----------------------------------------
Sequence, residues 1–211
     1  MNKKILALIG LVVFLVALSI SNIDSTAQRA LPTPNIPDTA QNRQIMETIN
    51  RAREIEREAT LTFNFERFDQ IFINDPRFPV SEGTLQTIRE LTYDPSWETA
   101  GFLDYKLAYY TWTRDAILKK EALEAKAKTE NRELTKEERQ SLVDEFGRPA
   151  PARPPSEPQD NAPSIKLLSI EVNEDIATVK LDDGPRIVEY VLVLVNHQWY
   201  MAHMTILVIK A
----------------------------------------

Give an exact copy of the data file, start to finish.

Sequence, residues 1–211
     1  MNKKILALIG LVVFLVALSI SNIDSTAQRA LPTPNIPDTA QNRQIMETIN
    51  RAREIEREAT LTFNFERFDQ IFINDPRFPV SEGTLQTIRE LTYDPSWETA
   101  GFLDYKLAYY TWTRDAILKK EALEAKAKTE NRELTKEERQ SLVDEFGRPA
   151  PARPPSEPQD NAPSIKLLSI EVNEDIATVK LDDGPRIVEY VLVLVNHQWY
   201  MAHMTILVIK A